On the 13th of April, 1861, Fort Sumter in Charleston harbor was fired upon by the soldiers of the South.
This was the beginning of the great struggle known in history as the Civil War in America.
Two days before this, Abraham Lincoln called for seventy-five thousand men to defend the government and maintain its laws in the South.
The call was answered at once and with great enthusiasm. Not only did seventy-five thousand men offer themselves, but thousands more who could not be accepted. Business was at a stand-still. The plow was left in the furrow. The factory doors were closed. The thoughts of all men were upon the crisis which the country was facing. In every village of the North the tap of the drum and the shrill music of the fife were heard.
On the very day that Lincoln issued his call, some women of Bridgeport, Connecticut, met together to consider what they could do.
"We cannot go to war," they said, "but our husbands and sons can go—yes, they will go. Shall we who remain at home be idle?"
"There will be bloodshed," said some.
"And there will be much suffering in camp and on the march," said others. "Men will be wounded in battle, they will be sick from exposure, they will need better attention than the army surgeons alone can give them. Can we not do something to help?"
And so these earnest, sympathetic women of Bridgeport organized themselves into what they called a Soldiers' Aid Society, and resolved to do all that they could for the relief and comfort of the men who were at that moment hurrying forward to answer the President's call.
"We cannot fight," they said, "but we can help the fighters."
Miss Almena Bates, a young lady of Charlestown, Massachusetts, did not know what the ladies of Bridgeport were doing, but she started out that same day to do something herself. She went with pencil and paper to her friends and acquaintances, and asked each one to volunteer as a helper.
"The boys are answering the President's call," she said. "To-morrow they will be on their way to the front. There will be war. Nurses will be needed on the battlefields and in the hospitals, Medicines, food, little comforts for the sick and wounded—all these ought to be ready at the first need. What will you do?"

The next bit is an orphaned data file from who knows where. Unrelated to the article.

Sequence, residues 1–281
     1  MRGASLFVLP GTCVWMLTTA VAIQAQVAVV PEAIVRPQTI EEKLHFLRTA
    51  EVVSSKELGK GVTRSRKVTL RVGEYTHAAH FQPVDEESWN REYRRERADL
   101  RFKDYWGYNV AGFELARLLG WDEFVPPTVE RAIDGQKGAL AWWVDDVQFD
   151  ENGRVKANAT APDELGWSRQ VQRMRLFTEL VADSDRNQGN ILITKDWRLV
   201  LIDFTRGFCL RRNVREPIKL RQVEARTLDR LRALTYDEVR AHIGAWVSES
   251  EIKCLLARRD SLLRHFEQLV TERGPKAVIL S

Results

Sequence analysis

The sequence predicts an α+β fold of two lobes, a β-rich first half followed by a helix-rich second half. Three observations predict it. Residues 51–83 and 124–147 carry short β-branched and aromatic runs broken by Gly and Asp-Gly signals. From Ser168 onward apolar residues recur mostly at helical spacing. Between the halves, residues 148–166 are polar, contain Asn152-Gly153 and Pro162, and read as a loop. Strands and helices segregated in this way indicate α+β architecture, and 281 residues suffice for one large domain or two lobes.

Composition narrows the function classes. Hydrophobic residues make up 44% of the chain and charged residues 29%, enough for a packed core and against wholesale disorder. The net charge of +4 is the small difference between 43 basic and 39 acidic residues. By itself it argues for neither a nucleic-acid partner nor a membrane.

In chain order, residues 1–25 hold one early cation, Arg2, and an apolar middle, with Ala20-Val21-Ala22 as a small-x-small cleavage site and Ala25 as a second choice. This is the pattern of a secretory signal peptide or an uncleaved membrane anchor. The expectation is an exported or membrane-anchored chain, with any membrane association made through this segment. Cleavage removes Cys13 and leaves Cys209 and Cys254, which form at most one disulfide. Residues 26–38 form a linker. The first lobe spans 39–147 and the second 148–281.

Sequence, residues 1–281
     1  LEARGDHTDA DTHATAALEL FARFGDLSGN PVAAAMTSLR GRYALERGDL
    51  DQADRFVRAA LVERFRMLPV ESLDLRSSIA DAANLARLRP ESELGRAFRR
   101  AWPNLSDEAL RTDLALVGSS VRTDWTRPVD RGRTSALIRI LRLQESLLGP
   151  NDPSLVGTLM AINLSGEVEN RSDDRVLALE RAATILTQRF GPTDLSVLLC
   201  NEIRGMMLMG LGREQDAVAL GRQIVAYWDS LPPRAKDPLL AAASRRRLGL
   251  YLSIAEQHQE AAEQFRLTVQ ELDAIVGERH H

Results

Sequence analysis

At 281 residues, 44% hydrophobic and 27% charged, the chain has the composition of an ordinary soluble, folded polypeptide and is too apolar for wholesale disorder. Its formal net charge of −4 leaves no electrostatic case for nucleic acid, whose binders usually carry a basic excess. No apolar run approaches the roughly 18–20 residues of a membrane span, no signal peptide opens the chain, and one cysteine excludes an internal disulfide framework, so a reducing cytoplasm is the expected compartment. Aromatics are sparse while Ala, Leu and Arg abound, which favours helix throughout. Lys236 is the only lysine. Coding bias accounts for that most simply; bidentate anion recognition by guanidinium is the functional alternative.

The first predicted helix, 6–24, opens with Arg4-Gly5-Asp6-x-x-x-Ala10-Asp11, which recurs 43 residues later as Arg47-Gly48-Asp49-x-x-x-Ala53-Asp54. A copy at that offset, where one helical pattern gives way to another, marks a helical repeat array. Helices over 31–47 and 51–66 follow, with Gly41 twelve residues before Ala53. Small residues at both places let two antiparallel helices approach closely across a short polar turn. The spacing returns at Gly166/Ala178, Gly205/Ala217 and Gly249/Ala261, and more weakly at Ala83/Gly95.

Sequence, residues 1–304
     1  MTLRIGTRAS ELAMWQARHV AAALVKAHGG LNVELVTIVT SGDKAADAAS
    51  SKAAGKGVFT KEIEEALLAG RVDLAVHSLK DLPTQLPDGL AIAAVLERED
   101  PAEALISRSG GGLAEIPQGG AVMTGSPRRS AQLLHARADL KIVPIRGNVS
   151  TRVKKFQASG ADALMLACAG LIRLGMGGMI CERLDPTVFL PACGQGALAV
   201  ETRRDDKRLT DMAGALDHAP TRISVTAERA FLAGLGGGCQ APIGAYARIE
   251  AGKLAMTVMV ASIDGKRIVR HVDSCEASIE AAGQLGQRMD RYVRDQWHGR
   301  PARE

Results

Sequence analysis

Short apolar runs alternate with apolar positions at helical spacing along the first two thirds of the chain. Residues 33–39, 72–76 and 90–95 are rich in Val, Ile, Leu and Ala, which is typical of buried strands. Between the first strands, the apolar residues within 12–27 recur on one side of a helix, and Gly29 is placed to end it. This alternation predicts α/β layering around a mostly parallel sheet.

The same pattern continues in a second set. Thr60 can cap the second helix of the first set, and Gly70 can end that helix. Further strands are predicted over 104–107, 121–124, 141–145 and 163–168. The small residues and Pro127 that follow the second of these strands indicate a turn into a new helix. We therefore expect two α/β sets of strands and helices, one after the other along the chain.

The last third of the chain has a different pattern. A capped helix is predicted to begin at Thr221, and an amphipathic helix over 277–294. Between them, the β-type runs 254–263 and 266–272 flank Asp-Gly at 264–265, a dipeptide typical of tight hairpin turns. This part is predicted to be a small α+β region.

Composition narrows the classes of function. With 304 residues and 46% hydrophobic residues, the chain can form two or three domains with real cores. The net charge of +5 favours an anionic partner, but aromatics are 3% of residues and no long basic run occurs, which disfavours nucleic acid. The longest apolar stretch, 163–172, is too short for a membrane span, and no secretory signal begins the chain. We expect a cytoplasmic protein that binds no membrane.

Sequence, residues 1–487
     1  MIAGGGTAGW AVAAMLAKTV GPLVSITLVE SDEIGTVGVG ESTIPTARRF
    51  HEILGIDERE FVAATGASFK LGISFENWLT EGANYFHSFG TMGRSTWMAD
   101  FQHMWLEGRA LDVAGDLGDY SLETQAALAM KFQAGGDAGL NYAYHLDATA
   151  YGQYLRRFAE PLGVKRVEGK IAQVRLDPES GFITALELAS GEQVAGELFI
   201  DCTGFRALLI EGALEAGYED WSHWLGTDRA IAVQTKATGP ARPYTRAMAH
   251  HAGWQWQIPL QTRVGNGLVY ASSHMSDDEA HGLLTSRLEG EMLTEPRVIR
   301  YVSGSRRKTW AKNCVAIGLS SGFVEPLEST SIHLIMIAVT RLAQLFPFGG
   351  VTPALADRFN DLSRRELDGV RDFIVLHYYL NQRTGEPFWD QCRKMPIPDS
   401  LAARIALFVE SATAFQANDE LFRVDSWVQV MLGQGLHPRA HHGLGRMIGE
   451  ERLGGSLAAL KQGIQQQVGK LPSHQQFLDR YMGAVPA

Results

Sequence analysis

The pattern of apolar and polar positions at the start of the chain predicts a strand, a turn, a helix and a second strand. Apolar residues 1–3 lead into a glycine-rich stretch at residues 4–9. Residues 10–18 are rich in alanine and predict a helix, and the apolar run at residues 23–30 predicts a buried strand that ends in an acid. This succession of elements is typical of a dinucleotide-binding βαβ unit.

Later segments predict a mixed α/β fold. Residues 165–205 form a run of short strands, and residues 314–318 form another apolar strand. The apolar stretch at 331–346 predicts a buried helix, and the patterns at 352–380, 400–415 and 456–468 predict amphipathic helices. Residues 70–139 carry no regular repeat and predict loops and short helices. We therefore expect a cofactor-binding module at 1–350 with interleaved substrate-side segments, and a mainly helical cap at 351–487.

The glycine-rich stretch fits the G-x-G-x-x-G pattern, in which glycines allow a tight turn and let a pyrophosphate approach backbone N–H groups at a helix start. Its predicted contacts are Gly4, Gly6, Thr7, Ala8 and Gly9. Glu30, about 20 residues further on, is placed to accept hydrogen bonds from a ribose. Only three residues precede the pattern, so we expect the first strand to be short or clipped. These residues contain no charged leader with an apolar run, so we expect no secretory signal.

In a few days women in every part of the North were forming aid societies. But as yet it was hard for them to accomplish very much. So long as each little society was working alone, there was no certainty that the intended help would ever reach the right place.
At length, two months after the fall of Fort Sumter, a great organization was formed that would extend all over the North and would include the aid societies. The president of this organization was Rev. Henry W. Bellows of New York, and many well-known men and women were among its members.
Some people shook their heads and hung back.
"The government will provide for the relief and comfort of the soldiers in the field," they said. "What is the use of these aid societies and this great organization?"
Even President Lincoln at first said that he thought the association would prove to be like a fifth wheel to a coach—very much in the way.
But the war had now begun in terrible earnest. In the camps and on the battlefield, the soldiers were learning what was meant by privation and suffering. The plans for the work of the association were carefully made out by Dr. Bellows and his assistants, and were submitted to the government. The president approved them. And thus the United States Sanitary Commission, as it was called, was given the authority to go forward with its great work of caring for the health and comfort of the soldiers.
From the aid societies and from the people at large, help was freely sent. Fairs were held all over the country for the purpose of raising money. Men, women, and children joined in working. Each town and city tried to do more than its neighbor had done. At one fair in Chicago more than seventy-five thousand dollars was raised. The people of the state of New York gave nearly a million dollars for the cause.